Rhinestones come in colors, but if adding rhinestones to a shirt that already has graphics on it, I recommend sticking with the clear stones. These are cheaper and can keep cost down, which is certainly a concern as this type of decoration is costly in comparison to other media options.
Rhinestones are not only expensive, but also heavy. So, in terms of design, it’s best not to load up a shirt with too many. The best use of rhinestones is as an accent or an outline. Using two rhinestones for the eyes of a teddy bear or the center of a flower is one example. Adding a rhinestone outline to one word or graphic element, like a heart, is another.
When applying only a few rhinestones, like the eyes in a teddy bear, simply put them in the proper location, protect them with a cover sheet, and press. There are concerns about the stones shifting using this method. To avoid, secure them with a piece of thermal transfer tape or the rhinestone masking paper.
Another option is to purchase a predesigned rhinestone transfer and create a design with cutter materials around it. Hearts, flowers, peace signs, paws and flags are some examples of common designs available.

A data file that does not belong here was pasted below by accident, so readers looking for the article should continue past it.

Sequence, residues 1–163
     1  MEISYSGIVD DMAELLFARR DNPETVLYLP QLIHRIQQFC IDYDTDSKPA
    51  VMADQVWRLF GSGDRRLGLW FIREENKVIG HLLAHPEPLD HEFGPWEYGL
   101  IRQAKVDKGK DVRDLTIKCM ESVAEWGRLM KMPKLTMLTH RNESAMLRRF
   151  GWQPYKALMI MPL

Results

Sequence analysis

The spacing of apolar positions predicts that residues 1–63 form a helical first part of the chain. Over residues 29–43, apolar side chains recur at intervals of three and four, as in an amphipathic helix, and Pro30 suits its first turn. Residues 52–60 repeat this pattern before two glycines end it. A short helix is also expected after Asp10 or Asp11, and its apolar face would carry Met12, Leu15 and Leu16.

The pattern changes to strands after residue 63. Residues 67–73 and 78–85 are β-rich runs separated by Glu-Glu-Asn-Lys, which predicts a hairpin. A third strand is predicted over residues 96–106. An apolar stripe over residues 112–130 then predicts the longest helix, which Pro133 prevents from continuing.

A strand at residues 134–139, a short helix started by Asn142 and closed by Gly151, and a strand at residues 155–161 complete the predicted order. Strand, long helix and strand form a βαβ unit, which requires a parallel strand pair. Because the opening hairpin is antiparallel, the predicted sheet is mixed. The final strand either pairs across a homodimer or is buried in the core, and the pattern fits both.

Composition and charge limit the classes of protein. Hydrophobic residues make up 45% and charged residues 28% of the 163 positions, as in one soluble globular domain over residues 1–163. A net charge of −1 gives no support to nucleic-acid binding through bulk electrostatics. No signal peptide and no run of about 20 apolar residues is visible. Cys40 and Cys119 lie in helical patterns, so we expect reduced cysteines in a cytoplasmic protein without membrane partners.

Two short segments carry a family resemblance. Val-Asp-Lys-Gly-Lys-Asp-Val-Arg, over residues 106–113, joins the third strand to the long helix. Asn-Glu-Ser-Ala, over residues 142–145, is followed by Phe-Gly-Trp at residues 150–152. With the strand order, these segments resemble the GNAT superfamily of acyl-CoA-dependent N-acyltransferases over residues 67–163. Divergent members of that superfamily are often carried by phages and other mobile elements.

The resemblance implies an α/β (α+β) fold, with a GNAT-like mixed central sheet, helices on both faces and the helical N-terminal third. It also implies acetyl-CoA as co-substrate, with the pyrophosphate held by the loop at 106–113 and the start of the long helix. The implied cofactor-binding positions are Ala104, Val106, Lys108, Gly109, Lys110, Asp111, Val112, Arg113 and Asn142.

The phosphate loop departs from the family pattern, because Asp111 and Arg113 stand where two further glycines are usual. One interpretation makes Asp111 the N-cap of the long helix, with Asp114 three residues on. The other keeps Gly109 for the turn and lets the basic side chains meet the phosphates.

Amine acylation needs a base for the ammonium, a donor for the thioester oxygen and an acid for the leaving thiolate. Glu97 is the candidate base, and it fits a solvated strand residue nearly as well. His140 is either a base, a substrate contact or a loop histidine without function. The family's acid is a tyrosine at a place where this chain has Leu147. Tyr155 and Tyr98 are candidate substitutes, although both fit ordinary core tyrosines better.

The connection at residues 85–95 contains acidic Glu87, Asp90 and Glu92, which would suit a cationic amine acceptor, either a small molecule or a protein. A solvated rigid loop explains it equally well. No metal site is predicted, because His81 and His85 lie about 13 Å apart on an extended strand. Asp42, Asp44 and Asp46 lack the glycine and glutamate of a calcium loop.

Another design element to keep in mind here: rhinestones will not adhere to a cutter material; the rhinestone adhesive will stick only to the shirt. For example, using the teddy bear approach from before, the eyes must be weeded out of the design to make room for the rhinestones. Of course, this also applies to production strategies for stones, and is just one of many factors.
On that note, for big orders that combine cutter materials and rhinestones, a production strategy is to choose products that heat apply at roughly the same temperature. This helps to avoid resetting the temperature up and down depending on the different materials. Of course, you can always heat seal one material on all the shirts and come back to do the second layer, but you will lose time having to double load and remove each garment.